Quantcast Figure 3-32.A simple saturable-core reactor circuit

Share on Google+Share on FacebookShare on LinkedInShare on TwitterShare on DiggShare on Stumble Upon
Custom Search
 
  
 
3-48 Figure 3-32.—A simple saturable-core reactor circuit. The schematic diagram of this circuit is shown in figure 3-33. L1 is the schematic symbol for a saturable-core reactor. The control winding is shown with five loops, and the load winding is shown with three loops. The double bar between the inductors stands for an iron core, and the symbol that cuts across the two windings is a saturable-core symbol indicating that the two windings share a saturable core. Figure 3-33.—Schematic diagram of a simple saturable-core reactor. Now that you have seen the basic operation of a saturable-core reactor, there is one other idea to discuss before moving on to the circuitry of a magnetic amplifier. There is a point upon the magnetization curve where the saturable-core reactor should be operated. The ideal operating point is the place in which a small increase in control current will cause a large increase in output power and a small decrease in control current will cause a large decrease in output power. This point is on the flattest portion of the permeability curve (after its peak). Figure 3-34 shows the magnetization and permeability curves for a saturable-core reactor with the ideal operating point (point "O") indicated. Notice point "O" on the magnetization curve. The portion of the magnetization curve where point "O" is located is called the KNEE OF THE CURVE. The knee of the curve is the point of maximum curvature. It is called the "knee" because it looks like the knee of a leg that is bent. Saturable-core reactors and magnetic amplifiers should be operated on the knee of the magnetization curve.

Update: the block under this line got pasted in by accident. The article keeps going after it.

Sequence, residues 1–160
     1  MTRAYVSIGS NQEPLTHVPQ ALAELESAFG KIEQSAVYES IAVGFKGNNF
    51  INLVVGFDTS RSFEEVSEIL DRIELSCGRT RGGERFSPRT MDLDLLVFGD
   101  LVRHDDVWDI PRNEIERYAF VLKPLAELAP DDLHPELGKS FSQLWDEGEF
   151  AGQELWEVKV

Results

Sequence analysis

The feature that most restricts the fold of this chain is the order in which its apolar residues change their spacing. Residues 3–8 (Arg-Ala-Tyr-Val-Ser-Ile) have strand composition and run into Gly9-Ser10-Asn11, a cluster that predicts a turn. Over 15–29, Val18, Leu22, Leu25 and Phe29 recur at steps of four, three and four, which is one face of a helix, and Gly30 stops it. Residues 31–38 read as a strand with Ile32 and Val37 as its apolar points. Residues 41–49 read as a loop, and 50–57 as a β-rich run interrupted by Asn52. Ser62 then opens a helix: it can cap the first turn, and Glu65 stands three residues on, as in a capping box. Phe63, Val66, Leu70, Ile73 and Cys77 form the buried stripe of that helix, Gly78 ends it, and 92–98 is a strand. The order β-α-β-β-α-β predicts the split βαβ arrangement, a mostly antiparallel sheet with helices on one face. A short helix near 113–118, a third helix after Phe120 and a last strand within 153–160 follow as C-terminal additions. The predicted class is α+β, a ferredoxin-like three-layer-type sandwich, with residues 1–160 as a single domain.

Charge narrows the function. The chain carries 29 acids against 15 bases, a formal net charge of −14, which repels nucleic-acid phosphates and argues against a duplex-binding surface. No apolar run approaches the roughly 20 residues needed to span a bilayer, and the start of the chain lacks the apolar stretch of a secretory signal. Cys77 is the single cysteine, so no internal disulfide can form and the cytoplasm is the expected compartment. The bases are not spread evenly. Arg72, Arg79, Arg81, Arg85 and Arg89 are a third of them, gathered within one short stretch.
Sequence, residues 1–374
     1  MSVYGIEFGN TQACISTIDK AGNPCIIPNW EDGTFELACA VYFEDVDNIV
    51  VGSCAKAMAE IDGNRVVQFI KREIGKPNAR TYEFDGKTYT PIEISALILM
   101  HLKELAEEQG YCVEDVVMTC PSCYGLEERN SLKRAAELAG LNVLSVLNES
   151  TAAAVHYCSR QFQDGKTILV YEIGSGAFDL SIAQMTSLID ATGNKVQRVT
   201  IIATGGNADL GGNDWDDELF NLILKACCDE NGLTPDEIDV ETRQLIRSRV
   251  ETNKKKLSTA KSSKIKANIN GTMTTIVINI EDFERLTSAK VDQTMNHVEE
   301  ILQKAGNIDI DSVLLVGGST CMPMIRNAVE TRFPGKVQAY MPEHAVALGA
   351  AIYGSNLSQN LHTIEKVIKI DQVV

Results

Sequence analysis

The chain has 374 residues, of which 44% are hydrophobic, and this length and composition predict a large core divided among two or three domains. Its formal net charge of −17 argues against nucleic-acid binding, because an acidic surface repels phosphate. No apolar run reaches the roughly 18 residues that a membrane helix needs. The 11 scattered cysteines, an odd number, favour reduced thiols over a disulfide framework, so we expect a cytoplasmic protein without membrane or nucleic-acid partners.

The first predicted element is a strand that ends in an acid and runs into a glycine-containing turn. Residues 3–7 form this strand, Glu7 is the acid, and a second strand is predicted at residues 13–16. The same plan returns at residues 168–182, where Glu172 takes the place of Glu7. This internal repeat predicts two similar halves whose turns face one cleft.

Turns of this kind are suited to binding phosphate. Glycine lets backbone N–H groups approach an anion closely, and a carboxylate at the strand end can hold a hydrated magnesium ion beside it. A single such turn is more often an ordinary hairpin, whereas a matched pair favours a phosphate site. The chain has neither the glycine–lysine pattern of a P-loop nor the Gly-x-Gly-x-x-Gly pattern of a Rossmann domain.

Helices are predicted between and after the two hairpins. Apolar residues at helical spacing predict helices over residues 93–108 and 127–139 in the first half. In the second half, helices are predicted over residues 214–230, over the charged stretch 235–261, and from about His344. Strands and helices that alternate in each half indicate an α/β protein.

Electrical News
Robots Confront Safety Standards
An emerging crop of industrial robots will be more user-friendly...
eetimes.com
Electronic Brain by 2023
Progress continues on fake brain to be used as test...
eetimes.com
Google, Silicon Labs Mesh for ZigBee-Like Protocol
Google's Nest-led Thread Group is meeting at its campus in...
eetimes.com
Bionic Ear Due Soon
STMicroelectronics collaborates with two companies on a bionic ear that...
eetimes.com
Peek Into BMW's Ultimate Driving Museum
BMW Welt and BMW Museum, located next to BMW headquarters...
eetimes.com
New Common Parts Library Supports Connected Device Design
Online sourcing site Octopart inaugurates a Common Parts Library (CPL)...
eetimes.com
Altera Announces Non-Volatile MAX 10 FPGAs & Eval Kits
MAX 10 FPGAs are of interest for a broad range...
eetimes.com
LPDDR3 Is A Half-Step
The rapid evolution of smartphones drove the quick adoption of...
eetimes.com
IBM Conquers Wafer-Scale Graphene
IBM has found a way to vastly reduce the costs...
eetimes.com
Telecom Capex to Fall 2% in 2015
Telecom carriers are expected to shave their capital spending on...
eetimes.com
EEVblog #668 – Mailbag + FLIR TG165
Help beat Congenital Muscular Dystrophy (Pozible campaign live tomorrow) A...
eevblog.com
Sensors Build Case Against Cold
Heat Seek, grand prize winner of this year's NYC BigApps...
eetimes.com
Let's Talk About Open-Source Hardware
Although the meaning of open source in software is quite...
eetimes.com
DDR Memory Testing: Best-Practices
The strict control of clock and data timing leaves little...
eetimes.com
The Other Tesla
This Indiegogo fundraiser is for a Tesla museum in his...
eetimes.com
The Zen of Spin
The concept of spin is ground-zero in relativistic quantum mechanics...
eetimes.com
Do Results Matter?
Sometimes you have to look past your enthusiasm for developing...
eetimes.com
IoT Calls for Simpler Protocol
Chirp is a simplified messaging scheme geared for the Internet...
eetimes.com
HP Ships First ARM Servers
Hewlett-Packard is shipping its first mainstream commercial servers using the...
eetimes.com
 


Privacy Statement - Copyright Information. - Contact Us

comments powered by Disqus

Integrated Publishing, Inc.
9438 US Hwy 19N #311 Port Richey, FL 34668

Phone For Parts Inquiries: (727) 755-3260
Google +